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January 1991

Tumor Necrosis Factor and Endotoxin Can Cause Neutrophil Activation Through Separate Pathways

Author Affiliations

From the Department of Surgery, Harvard Medical School, Brigham and Women's Hospital, Boston, Mass (Drs Moore and Davis); and the Department of Pharmacology, Merck Sharp & Dohme Research Laboratories, West Point, Pa (Dr Socher).

Arch Surg. 1991;126(1):70-73. doi:10.1001/archsurg.1991.01410250076012

• We investigated the possibility that tumor necrosis factor (TNF) mediates neutrophil activation by endotoxin. The number of C3b receptors on the neutrophil cell-surface was used as the indicator of activation, as assessed by indirect immunofluorescence. Incubation of buffy-coat neutrophils with TNF-α for 30 minutes at 37°C caused neutrophil activation, increasing C3b receptor–dependent fluorescence from 340 with buffer alone to 580 with TNF (250 pg/mL). Increasing amounts of anti-TNF IgG progressively inhibited neutrophil activation by TNF (250 pg/mL). Addition of the active dose range of anti-TNF to neutrophils incubating in endotoxin (10 ng/mL) did not affect the degree of endotoxin-mediated neutrophil activation. Mixtures of neutrophils with the 50% suppressive dose of anti-TNF and varying endotoxin concentrations showed the same degree of neutrophil activation as mixtures without the antibody. Thus, an antibody that can inhibit TNF-mediated neutrophil activation does not inhibit endotoxin-mediated neutrophil activation. We conclude that endotoxin and TNF can activate neutrophils through separate pathways.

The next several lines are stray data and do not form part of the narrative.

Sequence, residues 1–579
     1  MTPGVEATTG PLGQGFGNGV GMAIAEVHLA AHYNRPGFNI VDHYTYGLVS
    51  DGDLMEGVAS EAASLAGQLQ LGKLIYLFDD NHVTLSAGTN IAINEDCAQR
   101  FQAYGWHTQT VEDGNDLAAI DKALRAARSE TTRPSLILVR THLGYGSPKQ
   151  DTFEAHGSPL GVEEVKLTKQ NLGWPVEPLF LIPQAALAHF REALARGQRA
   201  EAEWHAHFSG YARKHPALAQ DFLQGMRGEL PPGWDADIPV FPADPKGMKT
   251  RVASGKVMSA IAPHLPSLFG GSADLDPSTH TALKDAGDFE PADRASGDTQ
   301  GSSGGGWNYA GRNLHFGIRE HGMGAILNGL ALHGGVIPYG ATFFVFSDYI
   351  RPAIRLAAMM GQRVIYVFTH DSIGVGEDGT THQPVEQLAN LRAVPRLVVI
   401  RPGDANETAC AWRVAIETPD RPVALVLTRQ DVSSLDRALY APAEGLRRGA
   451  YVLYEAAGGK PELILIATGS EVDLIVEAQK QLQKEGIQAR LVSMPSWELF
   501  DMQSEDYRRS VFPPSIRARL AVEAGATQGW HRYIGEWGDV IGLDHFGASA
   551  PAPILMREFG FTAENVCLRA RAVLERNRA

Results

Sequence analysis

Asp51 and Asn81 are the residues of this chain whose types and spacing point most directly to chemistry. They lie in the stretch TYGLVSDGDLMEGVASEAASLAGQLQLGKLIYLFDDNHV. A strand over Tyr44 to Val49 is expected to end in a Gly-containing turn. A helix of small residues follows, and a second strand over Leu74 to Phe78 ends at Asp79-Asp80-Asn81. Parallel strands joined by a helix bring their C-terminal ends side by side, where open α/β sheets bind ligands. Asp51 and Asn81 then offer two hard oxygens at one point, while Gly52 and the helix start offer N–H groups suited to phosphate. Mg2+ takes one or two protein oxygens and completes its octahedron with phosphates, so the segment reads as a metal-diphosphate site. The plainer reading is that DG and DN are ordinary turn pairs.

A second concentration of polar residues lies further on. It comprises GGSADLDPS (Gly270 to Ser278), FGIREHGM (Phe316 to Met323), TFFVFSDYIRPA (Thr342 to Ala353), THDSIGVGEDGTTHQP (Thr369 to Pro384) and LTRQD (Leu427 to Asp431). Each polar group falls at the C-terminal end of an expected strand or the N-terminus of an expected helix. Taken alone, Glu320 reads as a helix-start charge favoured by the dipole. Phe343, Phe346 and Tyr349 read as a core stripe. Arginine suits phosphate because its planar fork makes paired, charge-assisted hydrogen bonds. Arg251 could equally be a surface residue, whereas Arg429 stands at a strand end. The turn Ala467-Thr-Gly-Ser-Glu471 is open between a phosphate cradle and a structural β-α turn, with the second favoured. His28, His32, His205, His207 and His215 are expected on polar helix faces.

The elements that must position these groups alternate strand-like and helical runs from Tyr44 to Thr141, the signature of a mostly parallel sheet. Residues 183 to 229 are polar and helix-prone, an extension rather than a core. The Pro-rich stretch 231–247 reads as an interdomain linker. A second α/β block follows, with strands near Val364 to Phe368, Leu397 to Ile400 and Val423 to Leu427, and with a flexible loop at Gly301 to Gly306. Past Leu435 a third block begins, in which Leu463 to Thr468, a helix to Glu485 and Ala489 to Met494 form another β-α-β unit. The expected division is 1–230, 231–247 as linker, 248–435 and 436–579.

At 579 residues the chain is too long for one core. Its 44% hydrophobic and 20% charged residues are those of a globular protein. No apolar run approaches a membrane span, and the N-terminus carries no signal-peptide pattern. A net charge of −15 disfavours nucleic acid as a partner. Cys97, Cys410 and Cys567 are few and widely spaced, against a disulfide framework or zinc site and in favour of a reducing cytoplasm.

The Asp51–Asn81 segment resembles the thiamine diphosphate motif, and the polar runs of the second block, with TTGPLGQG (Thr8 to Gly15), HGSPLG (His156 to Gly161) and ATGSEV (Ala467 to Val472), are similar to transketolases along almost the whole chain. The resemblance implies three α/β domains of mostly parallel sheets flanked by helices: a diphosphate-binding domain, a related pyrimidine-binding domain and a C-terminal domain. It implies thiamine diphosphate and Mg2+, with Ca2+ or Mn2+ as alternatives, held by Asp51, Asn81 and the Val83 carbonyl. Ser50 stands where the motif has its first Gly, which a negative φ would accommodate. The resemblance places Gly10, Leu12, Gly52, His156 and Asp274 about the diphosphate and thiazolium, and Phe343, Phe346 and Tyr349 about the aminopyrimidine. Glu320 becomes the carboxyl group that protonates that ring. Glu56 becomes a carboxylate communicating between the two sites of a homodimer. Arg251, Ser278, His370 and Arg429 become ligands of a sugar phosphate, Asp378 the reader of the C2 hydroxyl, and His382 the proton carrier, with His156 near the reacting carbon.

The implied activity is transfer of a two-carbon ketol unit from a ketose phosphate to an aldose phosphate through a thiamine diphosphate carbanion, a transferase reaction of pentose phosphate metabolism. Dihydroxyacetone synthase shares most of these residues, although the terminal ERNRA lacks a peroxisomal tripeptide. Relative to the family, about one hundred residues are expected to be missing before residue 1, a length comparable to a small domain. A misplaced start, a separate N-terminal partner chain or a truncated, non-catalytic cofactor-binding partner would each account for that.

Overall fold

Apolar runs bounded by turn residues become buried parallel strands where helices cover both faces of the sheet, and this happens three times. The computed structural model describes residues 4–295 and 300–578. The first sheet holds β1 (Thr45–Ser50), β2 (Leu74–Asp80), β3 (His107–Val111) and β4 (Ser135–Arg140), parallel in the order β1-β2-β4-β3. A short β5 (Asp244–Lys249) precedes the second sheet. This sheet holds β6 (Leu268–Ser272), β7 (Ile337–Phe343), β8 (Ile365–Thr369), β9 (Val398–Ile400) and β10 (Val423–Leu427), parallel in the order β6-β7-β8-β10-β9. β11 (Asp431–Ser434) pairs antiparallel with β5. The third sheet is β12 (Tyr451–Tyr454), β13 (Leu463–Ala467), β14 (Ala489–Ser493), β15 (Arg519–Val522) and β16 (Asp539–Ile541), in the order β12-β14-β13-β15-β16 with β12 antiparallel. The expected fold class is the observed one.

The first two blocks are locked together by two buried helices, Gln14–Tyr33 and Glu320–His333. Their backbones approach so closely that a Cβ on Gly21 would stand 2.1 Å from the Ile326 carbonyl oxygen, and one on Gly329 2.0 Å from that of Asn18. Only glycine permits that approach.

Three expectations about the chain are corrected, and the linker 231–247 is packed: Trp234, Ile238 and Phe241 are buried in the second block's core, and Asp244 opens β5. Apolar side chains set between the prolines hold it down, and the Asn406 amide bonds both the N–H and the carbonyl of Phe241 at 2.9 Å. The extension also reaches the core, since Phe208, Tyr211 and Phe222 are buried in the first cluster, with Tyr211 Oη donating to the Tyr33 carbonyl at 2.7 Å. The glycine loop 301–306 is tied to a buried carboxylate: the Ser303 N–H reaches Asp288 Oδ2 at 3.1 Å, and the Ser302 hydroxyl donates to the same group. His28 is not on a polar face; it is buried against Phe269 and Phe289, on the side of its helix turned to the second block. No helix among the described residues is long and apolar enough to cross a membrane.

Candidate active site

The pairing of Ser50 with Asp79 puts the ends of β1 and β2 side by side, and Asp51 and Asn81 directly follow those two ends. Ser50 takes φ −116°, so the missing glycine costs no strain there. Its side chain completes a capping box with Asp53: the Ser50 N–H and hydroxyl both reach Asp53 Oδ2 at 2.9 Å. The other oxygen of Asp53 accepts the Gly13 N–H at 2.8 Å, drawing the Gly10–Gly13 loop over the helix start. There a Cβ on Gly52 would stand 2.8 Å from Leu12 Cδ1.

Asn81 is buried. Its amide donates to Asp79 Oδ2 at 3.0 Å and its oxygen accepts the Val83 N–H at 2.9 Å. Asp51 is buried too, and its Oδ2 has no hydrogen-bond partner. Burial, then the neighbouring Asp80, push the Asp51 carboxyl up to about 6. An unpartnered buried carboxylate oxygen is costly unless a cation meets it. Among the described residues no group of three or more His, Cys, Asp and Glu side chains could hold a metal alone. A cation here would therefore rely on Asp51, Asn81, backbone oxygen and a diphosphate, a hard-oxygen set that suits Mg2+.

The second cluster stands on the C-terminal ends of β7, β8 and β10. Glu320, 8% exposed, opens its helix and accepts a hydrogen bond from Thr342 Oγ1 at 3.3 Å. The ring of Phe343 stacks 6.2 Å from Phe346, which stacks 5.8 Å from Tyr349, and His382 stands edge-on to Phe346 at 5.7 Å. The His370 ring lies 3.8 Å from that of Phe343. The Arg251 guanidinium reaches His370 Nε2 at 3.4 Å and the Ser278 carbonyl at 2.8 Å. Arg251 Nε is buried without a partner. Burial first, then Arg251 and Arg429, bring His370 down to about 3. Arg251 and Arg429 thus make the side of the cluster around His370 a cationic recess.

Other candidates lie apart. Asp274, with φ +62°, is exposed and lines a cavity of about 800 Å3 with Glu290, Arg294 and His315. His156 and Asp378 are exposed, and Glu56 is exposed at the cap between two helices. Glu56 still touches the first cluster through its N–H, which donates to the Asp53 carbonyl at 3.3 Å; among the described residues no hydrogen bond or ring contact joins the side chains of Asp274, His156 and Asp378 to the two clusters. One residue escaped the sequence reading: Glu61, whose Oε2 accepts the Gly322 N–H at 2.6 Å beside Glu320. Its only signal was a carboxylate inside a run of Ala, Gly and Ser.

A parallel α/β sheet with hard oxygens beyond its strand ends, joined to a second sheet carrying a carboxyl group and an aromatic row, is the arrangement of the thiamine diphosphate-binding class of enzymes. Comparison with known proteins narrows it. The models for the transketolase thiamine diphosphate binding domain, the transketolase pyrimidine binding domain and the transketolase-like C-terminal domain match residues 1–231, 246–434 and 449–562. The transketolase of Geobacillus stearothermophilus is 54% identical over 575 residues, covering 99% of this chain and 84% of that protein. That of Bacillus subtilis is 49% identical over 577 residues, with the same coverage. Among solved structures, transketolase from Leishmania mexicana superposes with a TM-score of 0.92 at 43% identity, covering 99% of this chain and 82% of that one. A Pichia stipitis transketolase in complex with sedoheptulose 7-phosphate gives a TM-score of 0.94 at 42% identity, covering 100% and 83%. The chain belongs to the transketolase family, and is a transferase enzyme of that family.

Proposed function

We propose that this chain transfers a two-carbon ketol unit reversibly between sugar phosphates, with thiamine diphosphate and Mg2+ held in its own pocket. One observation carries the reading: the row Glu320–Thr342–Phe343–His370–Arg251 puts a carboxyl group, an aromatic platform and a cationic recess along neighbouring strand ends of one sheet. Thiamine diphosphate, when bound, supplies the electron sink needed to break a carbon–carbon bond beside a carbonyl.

(Arch Surg. 1991;126:70-73)

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